HEART ATTACK WARNING SIGNS

  • Chest discomfort
  • Discomfort in other parts of the upper body
  • Shortness of breath
  • Cold sweat, nausea, lightheadedness

STROKE WARNING SIGNS Spot a stroke F.A.S.T.:

  • Face Drooping: Does one side of the face droop or is it numb? Ask the person to smile.
  • Arm Weakness: Is one arm weak or numb? Ask the person to raise both arms. Does one arm drift downward?
  • Speech Difficulty: Is speech slurred, are they unable to speak, or are they hard to understand? Ask the person to repeat a simple sentence, like "the sky is blue." Is the sentence repeated correctly?
  • Time to call 9-1-1: If the person shows any of these symptoms, even if the symptoms go away, call 9-1-1 and get them to the hospital immediately.

CARDIAC ARREST WARNING SIGNS

  • Sudden loss of responsiveness: no response to tapping on shoulders.
  • No normal breathing

If you think you or someone you know is experiencing any of the symptoms above, call 9-1-1 or your emergency response number immediately. Heart attack and stroke are life-and-death emergencies — every second counts. Senior caregivers can receive additional Caregiverlist Basic Training, powered by Caregiver Training University. The 8-hour training course meets senior caregiver orientation training requirements for many states and provides information on how to best care for your senior client or loved one.

Orlando, Florida Certified Nursing Assistant Wins Refer-a-Friend Weekly Prize

Congratulations to the February weekly winner of Caregiverlist Refer-a-Friend and Win program - caregiver Melissa Diaz from Orlando, FL.

Melissa, certified nursing aide, referred her friends and family for caregiving jobs that are available on Caregiverlist.com, and she won basic senior caregiver training and certification from Caregiverlist. Read Melissa's and other caregivers' stories on Refer-a-Friend page, and refer your caregiving friends and family for senior care employment.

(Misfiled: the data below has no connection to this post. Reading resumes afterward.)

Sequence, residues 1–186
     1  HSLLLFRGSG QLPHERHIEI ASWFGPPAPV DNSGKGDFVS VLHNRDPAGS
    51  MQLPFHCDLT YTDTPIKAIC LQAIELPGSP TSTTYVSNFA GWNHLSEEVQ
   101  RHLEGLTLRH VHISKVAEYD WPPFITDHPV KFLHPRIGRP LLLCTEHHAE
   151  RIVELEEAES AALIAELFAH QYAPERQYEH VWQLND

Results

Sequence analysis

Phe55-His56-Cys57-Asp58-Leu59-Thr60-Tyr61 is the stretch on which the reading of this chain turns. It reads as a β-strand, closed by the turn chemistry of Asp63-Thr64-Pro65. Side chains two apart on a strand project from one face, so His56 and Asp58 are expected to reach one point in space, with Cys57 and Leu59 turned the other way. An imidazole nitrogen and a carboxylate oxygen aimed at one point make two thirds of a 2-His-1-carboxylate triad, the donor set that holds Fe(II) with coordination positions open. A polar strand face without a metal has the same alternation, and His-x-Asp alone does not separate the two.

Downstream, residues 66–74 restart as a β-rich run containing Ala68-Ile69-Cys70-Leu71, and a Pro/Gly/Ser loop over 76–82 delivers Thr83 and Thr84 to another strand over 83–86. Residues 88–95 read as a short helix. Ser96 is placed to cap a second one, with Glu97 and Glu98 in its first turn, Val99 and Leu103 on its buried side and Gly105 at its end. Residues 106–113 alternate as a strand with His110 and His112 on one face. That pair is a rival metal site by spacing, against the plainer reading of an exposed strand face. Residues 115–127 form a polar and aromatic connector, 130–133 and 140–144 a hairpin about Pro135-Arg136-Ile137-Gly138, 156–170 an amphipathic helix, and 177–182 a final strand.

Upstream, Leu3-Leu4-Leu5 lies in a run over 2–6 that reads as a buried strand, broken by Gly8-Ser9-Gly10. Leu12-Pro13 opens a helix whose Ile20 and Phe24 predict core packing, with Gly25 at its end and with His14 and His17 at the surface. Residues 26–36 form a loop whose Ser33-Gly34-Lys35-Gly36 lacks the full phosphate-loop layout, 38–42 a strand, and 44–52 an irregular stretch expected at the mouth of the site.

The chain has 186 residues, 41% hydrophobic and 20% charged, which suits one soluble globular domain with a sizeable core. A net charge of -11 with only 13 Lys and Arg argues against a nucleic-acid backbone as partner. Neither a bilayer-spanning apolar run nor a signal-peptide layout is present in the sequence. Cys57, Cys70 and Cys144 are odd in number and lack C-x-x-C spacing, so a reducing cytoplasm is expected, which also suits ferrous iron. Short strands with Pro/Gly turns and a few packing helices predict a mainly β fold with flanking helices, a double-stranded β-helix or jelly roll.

Senior care companies hire Professional Caregivers, C.N.A.’s, & C.H.H.A.’s weekly from Caregiverlist, the only Caregiver Career Center customized for the senior care industry.  Apply for multiple caregiving positions near you online by visiting Caregiverlist Caregiver Career Center.

 

As more senior caregivers are needed, refer friends to caregiving jobs at the Caregiverlist Career center and anyone considering a career in senior care can also visit the C.N.A. and C.H.H.A. school directories, C.N.A. sample and practice tests, and other up to date information for senior caregivers.

Refer-a-friend to Caregiverlist and get entered to win a free 8-hour online caregiver training program certification for senior caregivers. A new winner is drawn weekly. One monthly GRAND PRIZE WINNER receives a Scrub of the Month (top, bottoms and pair of shoes), courtesy of Scrubs Magazine.

El Paso, Texas Caregiver Wins Refer-a-Friend Weekly Prize for Referring Her Family and Friends to Caregiverlist Job Application

Congratulations to the January weekly winner of Caregiverlist Refer-a-Friend and Win program - caregiver Breyanna from El Paso, TX.